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February 21st, 2012
11:54 AM ET

Analyst: In rise of Santorum, no silver lining for Mitt Romney

A new Gallup poll puts Rick Santorum ahead of Mitt Romney nationally by more than ten percentage points. In this back-and-forth campaign that's sent several candidates into the spotlight as frontrunners, the enduring Romney campaign has managed to hold on to its inevitability argument. In a Gallup daily tracking poll, all Americans were asked which candidate–Santorum or Romney–has the best chance of defeating President Obama. 54 percent said Romney, compared to 29 percent for Santorum.

Already there are signs Romney's wavering support in his home state of Michigan–bolstered by heavy advertising–is seeing results. As Andrew Malcolm writes in Investor's Business Daily, "just in time for tomorrow's final debate before Super Tuesday, Mitt Romney is surging in Michigan, his home state where he'd been badly trailing Rick Santorum for the Republican primary one week from today."

Does that mean Romney and his supporters will inevitably weather the Santorum surge and win the nomination? Analyst Reihan Salam says no. On CNN's Erin Burnett OutFront Monday night, "I think there is no good news for Mitt Romney in all of this. He's eroding in Arizona, he's eroding in all these places that were supposed to be his firewalls."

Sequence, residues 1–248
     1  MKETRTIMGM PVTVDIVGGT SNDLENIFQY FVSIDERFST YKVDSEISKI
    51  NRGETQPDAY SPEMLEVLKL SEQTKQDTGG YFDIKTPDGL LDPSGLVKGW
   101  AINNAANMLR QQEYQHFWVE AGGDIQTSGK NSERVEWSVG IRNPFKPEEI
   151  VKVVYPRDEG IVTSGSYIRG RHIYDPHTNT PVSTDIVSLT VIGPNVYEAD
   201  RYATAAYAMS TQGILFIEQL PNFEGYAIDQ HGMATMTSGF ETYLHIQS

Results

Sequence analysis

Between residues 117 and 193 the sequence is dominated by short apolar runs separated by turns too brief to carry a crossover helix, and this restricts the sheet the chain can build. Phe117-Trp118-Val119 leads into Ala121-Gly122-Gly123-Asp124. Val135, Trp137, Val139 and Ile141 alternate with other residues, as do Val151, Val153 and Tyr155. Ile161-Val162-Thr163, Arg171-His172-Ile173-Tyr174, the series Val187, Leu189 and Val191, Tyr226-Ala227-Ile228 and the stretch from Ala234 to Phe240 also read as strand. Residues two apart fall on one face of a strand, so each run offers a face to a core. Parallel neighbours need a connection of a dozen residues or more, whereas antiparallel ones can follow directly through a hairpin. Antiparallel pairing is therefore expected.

Political strategist John Avlon says Romney can find the silver lining in the setbacks by playing to the strength captured in the Gallup poll: electability. "Say you know what, I am the most electable candidate. I can bring independents into the tent if you give me the chance. Instead, he's calling Rick Santorum a RINO (Republican in Name Only) and that doesn't even pass the laugh test.

NPR's Ken Rudin says for Romney, the campaign may have taken an exit off the expressway to a convention coronation, but it's "not exactly apocalyptic." That point could come soon, however:

Back to Michigan. If Romney can't win there, a primary he easily carried in 2008 and where he was born and raised and where his father served as governor throughout most of the 1960s (and where he had a two-to-one lead in the polls just a month ago), then what's the argument for his nomination? What good are the polls that show him running the strongest against President Obama in the fall if he still can't get the party to fall in line behind him? A Romney defeat will, once again, inevitably reignite the chorus calling for new candidates (Mitch Daniels! Chris Christie! Jeb Bush!) to get in the race, or predictions of a brokered convention.

More on the campaign on Erin Burnett OutFront tonight at 7 p.m. ET; and don't miss the crucial final debate before the Super Tuesday voting begins–the debate airs on CNN Wednesday night starting at 8 p.m. ET, with extensive pre-debate coverage at 7.


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